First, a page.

Among logicians and linguists, the statement “This is a false sentence” has become the textbook example of a self-referring paradox — a statement that can neither be proven true nor false. The key to this type of statement is that it turns our logical reasoning upside down and puts its consistency into question.
Another interesting, but more granular and linguistic approach is proposed in Pallock’s piece about self-referring words in Verbatim: The Language Quarterly (2001:94-100). In his article, Pallock applies the concept of self-referring sentences to words. Some words, similar as some sentences, do not only describe an object or a situation, but in certain cases, also say something about themselves.
The most basic example is the word word. The word word conveys a certain meaning and is itself a word. Among others, Pallock identifies the words term, noun and symbol as self-referring words. A further interesting example is the word sign, which is defined as an “indication of meaning”, but also a word that is self-referring (the word sign is itself a sign, so to speak).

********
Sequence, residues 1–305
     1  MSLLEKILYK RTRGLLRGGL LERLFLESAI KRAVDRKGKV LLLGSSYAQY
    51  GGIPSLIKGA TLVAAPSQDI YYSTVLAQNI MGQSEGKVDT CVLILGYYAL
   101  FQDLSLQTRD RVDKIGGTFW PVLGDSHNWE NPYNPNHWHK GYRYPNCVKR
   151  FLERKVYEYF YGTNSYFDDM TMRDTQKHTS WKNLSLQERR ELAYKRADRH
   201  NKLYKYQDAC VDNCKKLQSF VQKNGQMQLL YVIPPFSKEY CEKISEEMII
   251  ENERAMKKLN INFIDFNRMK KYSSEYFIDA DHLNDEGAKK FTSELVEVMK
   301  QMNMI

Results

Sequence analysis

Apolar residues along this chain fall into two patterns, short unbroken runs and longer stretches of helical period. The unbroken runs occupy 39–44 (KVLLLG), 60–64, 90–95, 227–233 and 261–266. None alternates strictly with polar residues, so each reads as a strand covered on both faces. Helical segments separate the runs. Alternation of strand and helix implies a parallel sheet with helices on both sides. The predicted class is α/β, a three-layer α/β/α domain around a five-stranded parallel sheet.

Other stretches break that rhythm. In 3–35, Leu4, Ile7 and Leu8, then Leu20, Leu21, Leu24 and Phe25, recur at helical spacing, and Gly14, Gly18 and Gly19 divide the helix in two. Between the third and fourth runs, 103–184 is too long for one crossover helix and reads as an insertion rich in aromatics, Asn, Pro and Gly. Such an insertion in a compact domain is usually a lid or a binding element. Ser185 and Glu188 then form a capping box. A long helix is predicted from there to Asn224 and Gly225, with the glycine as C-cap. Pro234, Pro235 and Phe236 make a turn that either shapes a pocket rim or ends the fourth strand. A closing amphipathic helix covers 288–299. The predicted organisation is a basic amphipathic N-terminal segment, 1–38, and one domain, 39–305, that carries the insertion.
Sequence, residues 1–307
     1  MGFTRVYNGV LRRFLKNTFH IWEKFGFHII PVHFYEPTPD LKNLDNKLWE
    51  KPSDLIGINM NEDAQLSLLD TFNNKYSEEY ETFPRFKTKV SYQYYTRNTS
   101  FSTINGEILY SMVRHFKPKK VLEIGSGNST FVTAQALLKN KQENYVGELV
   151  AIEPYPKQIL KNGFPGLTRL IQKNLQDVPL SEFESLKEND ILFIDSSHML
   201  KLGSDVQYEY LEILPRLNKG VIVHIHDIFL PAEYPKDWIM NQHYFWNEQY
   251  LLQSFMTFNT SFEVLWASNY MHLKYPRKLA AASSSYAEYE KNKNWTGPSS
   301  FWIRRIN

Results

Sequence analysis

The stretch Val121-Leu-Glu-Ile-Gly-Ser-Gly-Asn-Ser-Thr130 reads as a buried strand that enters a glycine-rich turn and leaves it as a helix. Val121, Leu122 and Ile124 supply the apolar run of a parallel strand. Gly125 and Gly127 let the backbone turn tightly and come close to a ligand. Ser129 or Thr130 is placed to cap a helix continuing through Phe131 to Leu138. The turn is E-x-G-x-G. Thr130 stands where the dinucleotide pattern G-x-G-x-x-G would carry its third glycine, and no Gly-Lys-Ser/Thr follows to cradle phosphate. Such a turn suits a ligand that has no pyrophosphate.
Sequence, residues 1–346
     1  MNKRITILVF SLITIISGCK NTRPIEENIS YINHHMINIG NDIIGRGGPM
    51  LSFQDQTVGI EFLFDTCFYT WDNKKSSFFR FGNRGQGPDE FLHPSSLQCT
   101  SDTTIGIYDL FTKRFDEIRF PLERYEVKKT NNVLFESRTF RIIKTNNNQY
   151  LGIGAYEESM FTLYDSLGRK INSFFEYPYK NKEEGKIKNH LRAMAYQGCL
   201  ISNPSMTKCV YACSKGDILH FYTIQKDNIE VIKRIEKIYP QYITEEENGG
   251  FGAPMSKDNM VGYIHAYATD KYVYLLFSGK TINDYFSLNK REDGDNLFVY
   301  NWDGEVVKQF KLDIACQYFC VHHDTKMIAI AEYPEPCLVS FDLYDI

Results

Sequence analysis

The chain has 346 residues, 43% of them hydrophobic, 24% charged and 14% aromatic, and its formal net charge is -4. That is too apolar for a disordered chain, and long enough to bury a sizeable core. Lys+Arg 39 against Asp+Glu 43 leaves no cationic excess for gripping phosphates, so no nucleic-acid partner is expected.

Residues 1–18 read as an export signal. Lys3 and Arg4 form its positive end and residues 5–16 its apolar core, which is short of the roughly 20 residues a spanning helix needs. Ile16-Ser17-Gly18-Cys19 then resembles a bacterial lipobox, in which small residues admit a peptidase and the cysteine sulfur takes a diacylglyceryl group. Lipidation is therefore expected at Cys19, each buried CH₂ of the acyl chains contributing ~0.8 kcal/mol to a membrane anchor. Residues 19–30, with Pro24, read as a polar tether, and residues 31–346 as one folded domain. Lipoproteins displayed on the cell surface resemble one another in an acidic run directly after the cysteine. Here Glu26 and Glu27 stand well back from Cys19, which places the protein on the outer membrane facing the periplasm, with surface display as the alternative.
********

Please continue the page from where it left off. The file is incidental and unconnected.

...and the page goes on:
Pallock concludes that self-referring words can only take the form of a noun or an adjective. While the examples above are nouns, self-referring adjectives are for instance useful, acceptable, intelligible, English or français. This principle rests on the assumption that all words are objects in the cultural world and thus can only be referred to by descriptions (adjectives) or names (nouns).
One may wonder if any one word can be assigned to either the category “self-referring” words or “nonself-referring” words. Pallock’s answer is that we’re confronted with another paradox here. The word nonself-referring, for example, is nonself-referring, but describes itself and thus is self-referring. If the word nonself-referring is self-referring, it describes itself and is thus nonself-referring. I guess it’s fair to say that Pallock has successfully transferred the paradox of self-referring sentences to an even more fundamental level: words.